BufferMgr: Checkpoint pages/sec           1204609
BufferMgr: Background writer pages/sec    0
BufferMgr: Page life expectancy           134774

I'm having a hard time interpreting the results. Any help is appreciated. Thanks

closed as off-topic by LowlyDBA, hot2use, Mr.Brownstone, Vérace, Max Vernon Apr 16 at 19:17

This question appears to be off-topic. The users who voted to close gave this specific reason:

  • "Too localized - this could be because your code has a typo, basic error, or is not relevant to most of our audience. Consider revising your question so that it appeals to a broader audience. As it stands, the question is unlikely to help other users (regarding typo questions, see this meta question for background)." – LowlyDBA, hot2use, Mr.Brownstone, Vérace, Max Vernon
If this question can be reworded to fit the rules in the help center, please edit the question.

  • Note that Total Server Memory is less than Target Server Memory. You presumably have your SQL Server instance set to use no more than 2000 MB of memory; it's currently using less than that. This either means that your server hasn't needed that much memory since the last restart, or that the system has made it give up some memory at some point, and it hasn't needed to grab it back yet. I'd capture this data at regular points during the day, and see if the total server memory ever goes down. If it does, then other activity on your system is taking memory away from SQL Server. – RDFozz Mar 1 '18 at 19:52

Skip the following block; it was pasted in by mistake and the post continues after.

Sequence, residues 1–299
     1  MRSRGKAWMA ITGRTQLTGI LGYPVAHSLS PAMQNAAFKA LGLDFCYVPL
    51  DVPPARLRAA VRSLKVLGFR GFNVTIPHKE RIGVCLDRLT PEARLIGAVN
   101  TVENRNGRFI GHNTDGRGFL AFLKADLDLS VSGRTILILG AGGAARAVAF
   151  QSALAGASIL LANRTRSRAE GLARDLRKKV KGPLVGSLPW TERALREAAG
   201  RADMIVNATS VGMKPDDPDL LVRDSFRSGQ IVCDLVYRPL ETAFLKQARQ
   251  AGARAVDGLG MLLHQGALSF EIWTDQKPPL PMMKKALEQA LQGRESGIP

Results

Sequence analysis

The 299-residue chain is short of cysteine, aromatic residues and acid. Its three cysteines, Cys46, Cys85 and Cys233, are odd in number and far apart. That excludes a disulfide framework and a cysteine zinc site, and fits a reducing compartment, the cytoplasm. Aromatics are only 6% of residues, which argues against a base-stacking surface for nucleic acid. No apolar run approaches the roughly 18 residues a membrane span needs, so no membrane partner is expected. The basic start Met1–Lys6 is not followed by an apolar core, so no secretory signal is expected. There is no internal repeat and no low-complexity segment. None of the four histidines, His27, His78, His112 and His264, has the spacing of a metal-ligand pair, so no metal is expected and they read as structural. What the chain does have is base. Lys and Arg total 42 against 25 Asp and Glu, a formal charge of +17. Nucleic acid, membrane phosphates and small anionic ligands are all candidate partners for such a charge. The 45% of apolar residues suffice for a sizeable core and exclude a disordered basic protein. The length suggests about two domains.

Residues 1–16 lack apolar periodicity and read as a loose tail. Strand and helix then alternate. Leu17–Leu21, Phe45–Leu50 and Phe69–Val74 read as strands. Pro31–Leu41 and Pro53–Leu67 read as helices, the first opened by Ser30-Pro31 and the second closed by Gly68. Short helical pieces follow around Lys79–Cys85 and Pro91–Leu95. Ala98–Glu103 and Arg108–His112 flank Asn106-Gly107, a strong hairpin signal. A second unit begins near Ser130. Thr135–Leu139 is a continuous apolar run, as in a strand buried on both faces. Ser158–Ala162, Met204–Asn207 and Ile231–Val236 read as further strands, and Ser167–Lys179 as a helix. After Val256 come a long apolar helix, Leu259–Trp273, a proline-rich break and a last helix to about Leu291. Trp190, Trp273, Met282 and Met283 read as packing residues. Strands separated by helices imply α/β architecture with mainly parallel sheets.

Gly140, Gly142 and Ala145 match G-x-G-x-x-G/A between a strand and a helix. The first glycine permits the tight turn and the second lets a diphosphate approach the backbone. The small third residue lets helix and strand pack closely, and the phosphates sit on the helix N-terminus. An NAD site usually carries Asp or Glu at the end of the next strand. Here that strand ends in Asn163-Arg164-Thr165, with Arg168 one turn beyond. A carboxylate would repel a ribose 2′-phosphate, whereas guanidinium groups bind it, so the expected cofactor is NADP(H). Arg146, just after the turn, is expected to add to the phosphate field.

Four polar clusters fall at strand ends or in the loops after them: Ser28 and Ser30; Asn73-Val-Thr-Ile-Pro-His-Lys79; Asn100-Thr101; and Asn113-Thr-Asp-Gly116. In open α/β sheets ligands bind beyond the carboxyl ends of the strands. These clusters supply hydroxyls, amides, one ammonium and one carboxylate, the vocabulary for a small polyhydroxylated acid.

• @RDFozz you are correct I should have specified it has always been set to 2GB Max. It hasn't been restarted recently. I'll continue to monitor. – vdidxho Mar 1 '18 at 20:09
  • @RDFozz I was checking some other things on the server and my last query returned MemoryMgr: Target Server Memory (MB) 1741 MB MemoryMgr: Total Server Memory (MB) 1741 MB – vdidxho Mar 1 '18 at 20:55
  • What are the wait stats when it slows down, what is the server waiting on? – Greg Mar 2 '18 at 2:05
  • Because these are counters, most of these are primarily useful when you take multiple samples and examine the deltas between samples. From there you can trend what's occurring on the server. I'd recommend using Perfmon, though I suppose you can use the DMV and take multiple samples in a loop. If you post those then maybe we can help you more. – swasheck Mar 2 '18 at 4:14
1

Converting my comments to answer ....

Total Physical RAM = 3583, Virtual = 3583, (1) 21GB, (1) 13GB, (8) 4GB, a handful of smaller ones plus 17GB proprietary file storage. The power plan is currently Balanced.

Based on your above comment, with a mere 3.5GB RAM, you are running dbs totaling the size of 65+ GB. There will be resource starvation on the database server.

Increase the RAM close enough to the size of db and change the power plan to high performance.

Then monitor your db server with sp_whoisactive or SQL-Server-First-Responder-Kit and start tuning when you have data.